Our Indigo Harvest Diary: Harvesting Indigofera Tinctoria
During our trip to India, we were able to finally meet our frequent collaborator, Indigo Artisan, and good friend Kiran Sandhu. Kinny welcomed us to Tarai Blue indigo farm, and we were able to witness and participate in the indigo harvest first hand. We recorded every step to share with you. Read on to learn about an indigo harvest from start to finish.
If you haven’t read about Kinny’s indigo farm and journey yet, you can click here for more info.
Read on to learn more about the indigo harvest, and how this sustainable process leads to the eco friendly garments in your closet.
Part 1: The Indigo Plant
Our indigo journey began on the 1st of September 2022.
We went over to Tarai Blue Indigo Farm to watch their first indigo harvest of the season. Kinny’s farm is located in Uttarakhand, and the community of artisans that she has gathered here is amazing. So much knowledge of indigo and traditional practices in one place.
At the point when we arrived, the process of growing indigo was already underway. The seeds for the indigo plant were sown directly into the ground roughly 4 months previously, then watered once a week.
The type of indigo plant that is grown here is indigofera tinctoria, and it is no coincidence that it thrives here in the planes below the Himalayas. The indigo plant grows about 7 to 8 feet high due to the rainfall and very fertile soil in this region: the perfect conditions for an indigo harvest to thrive.
I refer to indigo dyeing as magical on a pretty regular basis, and the plant itself is no exception. Bugs hate it, it doesn’t need any fertiliser, it doesn’t need copious amounts of watering (which cuts back on excessive water usage) and it puts back nitrogen into the soul. When it comes to sustainability, it is easy to see why indigo pigment is great for the environment.
Part 2: Cutting the Indigo
With the indigo plant at this significant height, the field is chopped down to about 4 ft to allow for new growth. This means that in 6 to 7 weeks, the leaves will be chopped and harvested once again.
The team at Tarai Blue is mainly female, and it is amazing to see them cut the indigo branches off quite roughly with scythes… I did ask to have a go!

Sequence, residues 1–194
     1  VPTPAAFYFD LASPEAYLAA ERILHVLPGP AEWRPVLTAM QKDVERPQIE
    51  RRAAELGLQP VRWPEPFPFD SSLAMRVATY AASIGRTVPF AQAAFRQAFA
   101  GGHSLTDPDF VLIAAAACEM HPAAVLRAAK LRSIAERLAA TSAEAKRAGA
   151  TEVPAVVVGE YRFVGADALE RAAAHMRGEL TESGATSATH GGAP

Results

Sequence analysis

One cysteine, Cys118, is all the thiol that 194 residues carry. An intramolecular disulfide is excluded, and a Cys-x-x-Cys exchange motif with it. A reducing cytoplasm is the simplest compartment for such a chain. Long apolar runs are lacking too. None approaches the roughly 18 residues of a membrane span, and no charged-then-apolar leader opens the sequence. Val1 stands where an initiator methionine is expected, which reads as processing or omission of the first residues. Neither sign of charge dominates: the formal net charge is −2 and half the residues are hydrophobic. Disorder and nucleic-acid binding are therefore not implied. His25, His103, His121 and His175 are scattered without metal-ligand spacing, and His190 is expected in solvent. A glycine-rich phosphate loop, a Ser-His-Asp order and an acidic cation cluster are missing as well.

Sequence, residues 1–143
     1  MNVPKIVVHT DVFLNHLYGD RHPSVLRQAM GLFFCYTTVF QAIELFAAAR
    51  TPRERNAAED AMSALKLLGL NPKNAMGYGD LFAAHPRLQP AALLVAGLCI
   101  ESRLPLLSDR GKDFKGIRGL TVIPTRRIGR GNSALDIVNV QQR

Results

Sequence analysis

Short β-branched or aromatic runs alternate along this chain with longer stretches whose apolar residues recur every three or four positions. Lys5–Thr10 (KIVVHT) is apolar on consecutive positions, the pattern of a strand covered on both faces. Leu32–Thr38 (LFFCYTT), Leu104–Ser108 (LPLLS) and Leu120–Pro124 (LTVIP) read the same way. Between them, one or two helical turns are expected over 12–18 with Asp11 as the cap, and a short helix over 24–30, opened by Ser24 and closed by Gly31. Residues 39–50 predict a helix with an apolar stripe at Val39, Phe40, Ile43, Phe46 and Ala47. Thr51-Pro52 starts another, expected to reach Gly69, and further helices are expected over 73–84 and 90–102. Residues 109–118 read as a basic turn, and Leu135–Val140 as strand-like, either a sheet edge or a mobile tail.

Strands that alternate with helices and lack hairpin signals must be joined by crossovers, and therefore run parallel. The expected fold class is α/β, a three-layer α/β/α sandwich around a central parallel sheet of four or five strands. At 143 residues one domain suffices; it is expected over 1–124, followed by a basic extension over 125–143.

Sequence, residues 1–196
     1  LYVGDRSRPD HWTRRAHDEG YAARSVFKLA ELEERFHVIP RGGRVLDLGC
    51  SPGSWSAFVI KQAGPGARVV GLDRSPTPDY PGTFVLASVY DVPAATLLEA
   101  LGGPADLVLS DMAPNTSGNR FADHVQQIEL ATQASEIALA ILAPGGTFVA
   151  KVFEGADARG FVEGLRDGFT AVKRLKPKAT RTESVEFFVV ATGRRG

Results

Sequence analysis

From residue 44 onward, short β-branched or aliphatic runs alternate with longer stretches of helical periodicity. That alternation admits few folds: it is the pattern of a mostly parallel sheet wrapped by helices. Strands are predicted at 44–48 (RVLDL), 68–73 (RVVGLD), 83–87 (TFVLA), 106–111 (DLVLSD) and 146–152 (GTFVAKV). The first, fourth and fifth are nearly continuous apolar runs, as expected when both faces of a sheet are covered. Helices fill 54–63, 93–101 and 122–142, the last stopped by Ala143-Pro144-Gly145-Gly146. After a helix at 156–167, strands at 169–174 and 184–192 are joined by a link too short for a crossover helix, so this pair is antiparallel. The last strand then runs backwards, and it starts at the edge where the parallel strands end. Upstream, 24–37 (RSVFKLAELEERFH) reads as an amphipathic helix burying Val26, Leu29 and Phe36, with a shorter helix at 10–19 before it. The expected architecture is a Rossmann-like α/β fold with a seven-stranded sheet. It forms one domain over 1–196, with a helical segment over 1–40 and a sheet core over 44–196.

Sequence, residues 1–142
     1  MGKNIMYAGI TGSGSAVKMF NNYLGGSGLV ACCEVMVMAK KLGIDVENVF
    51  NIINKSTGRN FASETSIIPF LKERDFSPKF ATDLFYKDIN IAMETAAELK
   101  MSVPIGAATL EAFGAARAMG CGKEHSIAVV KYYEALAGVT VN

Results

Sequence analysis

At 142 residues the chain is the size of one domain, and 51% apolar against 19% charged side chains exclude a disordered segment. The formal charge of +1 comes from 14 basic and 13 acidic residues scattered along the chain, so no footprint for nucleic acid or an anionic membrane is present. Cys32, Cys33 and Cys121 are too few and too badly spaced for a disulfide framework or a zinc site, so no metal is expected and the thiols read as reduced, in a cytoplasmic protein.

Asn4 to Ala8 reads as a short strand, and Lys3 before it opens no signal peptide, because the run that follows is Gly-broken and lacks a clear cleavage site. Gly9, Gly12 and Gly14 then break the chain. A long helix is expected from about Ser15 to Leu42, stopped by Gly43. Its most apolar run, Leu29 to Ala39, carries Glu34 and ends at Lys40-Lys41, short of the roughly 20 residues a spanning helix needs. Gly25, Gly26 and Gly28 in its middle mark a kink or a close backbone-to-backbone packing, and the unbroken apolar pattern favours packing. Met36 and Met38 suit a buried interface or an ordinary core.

Once chopped, the indigo is piled up into a trailer and taken to the weighbridge so that its weight can be recorded. Tarai Blue keep extensive records of each indigo harvest and its yield so that they can follow how each year compares.
Part 3: Beginning the Extraction
In this next step, the cut down indigo leaves and stems are loaded into 1000 litre water tanks. These have been repurposed from the farm, the lids chopped off so that the indigo can be bundled in.
The tanks are then filled up with water and big rocks placed on top to weigh down the leaves. This keeps the indigo leaves submerged under the water’s surface, where they are left to ferment. This can take up to 24 hours in this incredibly hot time of year.
Shankor Mandal keeps a close eye on the development so that he knows the perfect time to drain off the water and begin the next extraction stage. Notice the beautiful combinations of greens and blues in the water!
Part 4: The Extraction Process Begins
The next stage is where all the action happens: the indigo extraction process.
The green/turquoise colour of the water that you see in the images means that the indoxyl has appeared from the fermented leaves. This means that it is time for each tank of fermented indigo water to be drained off through taps and out into barrels below.